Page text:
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International Conference on Just and Feminist Energy Transition

Energy transition is one of the key ways to tackle climate change. The current energy system, based on fossil fuels such as oil, coal and gas, is a major emitter of greenhouse gases like carbon dioxide. These gases are responsible for global warming.

But the problems of the current energy system lie not only in the type of energy and its technologies, but also in its logic and dynamics.

Energy for what, and for whom? These were the questions that resonated at the Conference on Just and Feminist Energy Transition, organised in Buenos Aires, capital of Argentina, by Tierra Nativa (Friends of the Earth Argentina) [1] and Milieudefensie (Friends of the Earth Netherlands) [2]. The event was attended by women from Friends of the Earth International [3] and allied organisations from all continents.

Energy production, distribution and consumption in the current system are geared towards the accumulation of wealth, not life. They are controlled by large corporations, mostly transnational corporations from the Global North. Their profits and impacts are unfairly distributed. Their logics are colonial, patriarchal and racist. They repeat, reproduce and sustain a predatory capitalism that destroys nature, violates peoples rights, dispossesses and displaces indigenous and black communities, doubly exploits women, and persecutes and murders activists.

That is why a truly just energy transition requires more than simply replacing fossil fuels with renewable energies, such as wind or solar energy. To be just, and therefore feminist, the transition must challenge the systems of oppression that underpin the current energy system, so that they can be radically transformed, rather than reproduced.

“The concept of just transition is in dispute; today the term has been co-opted by transnational corporations. It is not just about changing the technology. We are talking about a transition where peoples rights come first,” said Karin Nansen from Friends of the Earth Latin America and the Caribbean [4] at the opening of the event.

Women on the frontlines

A series of presentations under the title “The challenges of renewable energy” showed the unfairness of the current system and the dangers of the unjust energy transition proposed by corporations. Diana Nabiruma, from the Africa Institute for Energy Governance from Uganda (AFIEGO), said that more than 800 million people on her continent do not have access to energy for cooking. This affects women in particular, who have historically occupied the (unrecognised and in the vast majority of cases unpaid) roles of reproducing life. However, the continent is one of the largest producers of energy. The question then arises: for what and for whom is this energy intended?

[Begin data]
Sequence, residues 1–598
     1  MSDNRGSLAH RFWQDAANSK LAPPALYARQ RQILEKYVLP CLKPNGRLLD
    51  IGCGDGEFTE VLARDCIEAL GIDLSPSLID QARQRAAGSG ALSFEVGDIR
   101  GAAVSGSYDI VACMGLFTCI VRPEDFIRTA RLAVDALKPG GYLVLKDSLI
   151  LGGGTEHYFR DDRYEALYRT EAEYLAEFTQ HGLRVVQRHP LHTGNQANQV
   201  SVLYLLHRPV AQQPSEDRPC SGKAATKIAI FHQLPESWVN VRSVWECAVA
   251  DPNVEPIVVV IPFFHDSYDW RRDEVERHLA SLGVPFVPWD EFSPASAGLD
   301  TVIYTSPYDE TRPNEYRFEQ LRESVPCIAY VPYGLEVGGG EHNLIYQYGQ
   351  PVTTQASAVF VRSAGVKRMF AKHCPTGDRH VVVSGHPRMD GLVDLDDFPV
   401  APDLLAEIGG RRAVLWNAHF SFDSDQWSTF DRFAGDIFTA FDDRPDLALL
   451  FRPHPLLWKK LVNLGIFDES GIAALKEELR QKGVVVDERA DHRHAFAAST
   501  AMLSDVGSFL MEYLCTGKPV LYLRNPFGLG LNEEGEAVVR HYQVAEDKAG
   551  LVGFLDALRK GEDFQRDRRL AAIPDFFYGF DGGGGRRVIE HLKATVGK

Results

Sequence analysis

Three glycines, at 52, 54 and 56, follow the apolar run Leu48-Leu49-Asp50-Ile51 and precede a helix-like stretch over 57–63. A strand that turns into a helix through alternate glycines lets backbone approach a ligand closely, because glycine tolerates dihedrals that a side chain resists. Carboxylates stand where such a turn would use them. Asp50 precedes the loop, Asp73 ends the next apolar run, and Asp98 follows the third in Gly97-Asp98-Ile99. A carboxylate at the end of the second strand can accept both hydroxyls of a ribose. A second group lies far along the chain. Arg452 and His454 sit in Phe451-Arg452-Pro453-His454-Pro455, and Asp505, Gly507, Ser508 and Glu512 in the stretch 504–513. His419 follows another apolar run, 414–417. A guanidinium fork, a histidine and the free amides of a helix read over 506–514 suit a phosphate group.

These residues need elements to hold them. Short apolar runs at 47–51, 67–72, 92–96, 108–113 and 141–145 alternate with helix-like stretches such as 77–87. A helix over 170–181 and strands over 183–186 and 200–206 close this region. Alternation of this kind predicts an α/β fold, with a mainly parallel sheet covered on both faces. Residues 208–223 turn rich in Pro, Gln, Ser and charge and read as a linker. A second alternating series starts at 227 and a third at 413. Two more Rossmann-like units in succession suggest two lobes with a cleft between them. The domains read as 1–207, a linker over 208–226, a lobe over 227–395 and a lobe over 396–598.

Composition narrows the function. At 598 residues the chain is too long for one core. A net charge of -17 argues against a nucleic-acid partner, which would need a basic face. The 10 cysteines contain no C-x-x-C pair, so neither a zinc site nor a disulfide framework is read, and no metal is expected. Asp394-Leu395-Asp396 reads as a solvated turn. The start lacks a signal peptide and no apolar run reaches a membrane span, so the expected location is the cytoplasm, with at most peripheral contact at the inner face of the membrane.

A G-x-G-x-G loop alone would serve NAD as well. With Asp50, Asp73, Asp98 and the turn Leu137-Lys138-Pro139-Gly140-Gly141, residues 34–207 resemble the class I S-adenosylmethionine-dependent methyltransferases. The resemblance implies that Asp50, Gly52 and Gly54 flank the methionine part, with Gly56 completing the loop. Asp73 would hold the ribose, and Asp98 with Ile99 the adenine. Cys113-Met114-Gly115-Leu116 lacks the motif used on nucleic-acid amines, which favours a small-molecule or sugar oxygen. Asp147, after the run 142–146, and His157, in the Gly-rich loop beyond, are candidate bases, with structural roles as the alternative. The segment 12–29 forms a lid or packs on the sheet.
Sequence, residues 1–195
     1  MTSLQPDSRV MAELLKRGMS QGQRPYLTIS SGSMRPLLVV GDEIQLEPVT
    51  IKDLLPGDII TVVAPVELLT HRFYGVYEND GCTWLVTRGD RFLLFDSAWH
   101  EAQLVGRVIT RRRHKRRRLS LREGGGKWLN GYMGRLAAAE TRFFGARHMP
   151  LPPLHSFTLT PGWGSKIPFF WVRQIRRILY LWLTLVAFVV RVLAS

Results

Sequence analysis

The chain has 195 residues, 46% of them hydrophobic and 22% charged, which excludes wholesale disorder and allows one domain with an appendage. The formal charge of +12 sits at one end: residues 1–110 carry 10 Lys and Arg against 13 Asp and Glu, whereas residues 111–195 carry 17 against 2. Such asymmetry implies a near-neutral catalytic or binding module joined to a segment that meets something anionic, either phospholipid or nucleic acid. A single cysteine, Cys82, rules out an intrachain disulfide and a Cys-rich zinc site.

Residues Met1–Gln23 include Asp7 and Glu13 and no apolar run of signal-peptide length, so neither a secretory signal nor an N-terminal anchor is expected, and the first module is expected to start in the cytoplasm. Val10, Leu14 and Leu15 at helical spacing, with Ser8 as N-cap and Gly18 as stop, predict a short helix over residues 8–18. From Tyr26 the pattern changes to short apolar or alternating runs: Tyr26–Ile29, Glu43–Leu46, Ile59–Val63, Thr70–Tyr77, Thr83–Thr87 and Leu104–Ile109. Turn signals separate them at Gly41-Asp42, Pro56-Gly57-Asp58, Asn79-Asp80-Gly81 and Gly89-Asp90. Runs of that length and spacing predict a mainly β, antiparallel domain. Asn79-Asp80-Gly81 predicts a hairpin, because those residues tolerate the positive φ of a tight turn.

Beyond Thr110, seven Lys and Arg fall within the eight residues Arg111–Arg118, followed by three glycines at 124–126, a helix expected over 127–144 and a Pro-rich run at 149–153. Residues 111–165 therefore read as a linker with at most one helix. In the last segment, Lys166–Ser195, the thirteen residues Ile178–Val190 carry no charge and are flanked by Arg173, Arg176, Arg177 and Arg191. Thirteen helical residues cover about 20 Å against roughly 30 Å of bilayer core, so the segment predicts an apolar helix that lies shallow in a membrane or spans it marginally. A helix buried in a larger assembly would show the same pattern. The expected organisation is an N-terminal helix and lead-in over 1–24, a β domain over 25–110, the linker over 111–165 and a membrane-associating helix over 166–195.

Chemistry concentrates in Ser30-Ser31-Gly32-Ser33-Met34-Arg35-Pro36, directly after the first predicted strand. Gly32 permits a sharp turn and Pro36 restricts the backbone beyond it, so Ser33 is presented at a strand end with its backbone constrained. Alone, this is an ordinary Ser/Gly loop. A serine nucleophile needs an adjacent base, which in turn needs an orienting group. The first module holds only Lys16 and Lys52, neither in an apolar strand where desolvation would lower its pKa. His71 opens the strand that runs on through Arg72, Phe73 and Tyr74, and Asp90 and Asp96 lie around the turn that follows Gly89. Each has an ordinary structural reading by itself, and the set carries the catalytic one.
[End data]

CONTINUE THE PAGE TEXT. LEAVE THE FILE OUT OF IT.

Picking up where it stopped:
On this, Charity Migwi, environmental and climate activist from Kenya, said: “Mostly we consider women vulnerable in terms of the climate crisis, in terms of the energy use. Women in Africa who do not have access to clean cooking or clean energy use charcoal and firewood, and that means that they suffer respiratory diseases. There is indoor pollution, not only for women but also for kids, that leads to death. So we need to rethink our energy models, but also put women at the core of it and uplift their voices and give them a space to be able to contribute their unique perspectives.”

Meadhbh Bolger, from Friends of the Earth Europe [5] gave a presentation on the “green transition” in Europe and warned about one of the many injustices that this “false solution” reproduces. The European Union is home to 6% of the world’s population, but consumes 25-30% of the metals and minerals produced globally. Interviewed by RWR, she explained:

“A feminist energy transition means that energy is first and foremost put towards uses that have reproduction, life and care at the centre, not uses like expanding militarisation or expanding space exploration. It means that decision making is not any more dominated by male or masculine thinking”.

The highly coveted minerals for the transition

The conference had local participants, among them Evelyn Vallejos from Catamarca province, Argentina. Vallejos is member of the Nuestra América movement, an organisation of workers in favour of grassroots economy. In Catamarca, open-pit mega-mining has been going on for 30 years and the consequences of this model are deeply felt [6]. Vallejos gave a clear example: “Lithium is extracted from the Hombre Muerto salt flats to make lithium batteries for electric cars. The salt flats are one of the biggest natural absorbers of carbon dioxide, so we are destroying a natural source of mitigation.” Like the rest of the women at the conference, Vallejos questioned the production of energy to meet the demands of a market that has nothing to do with life.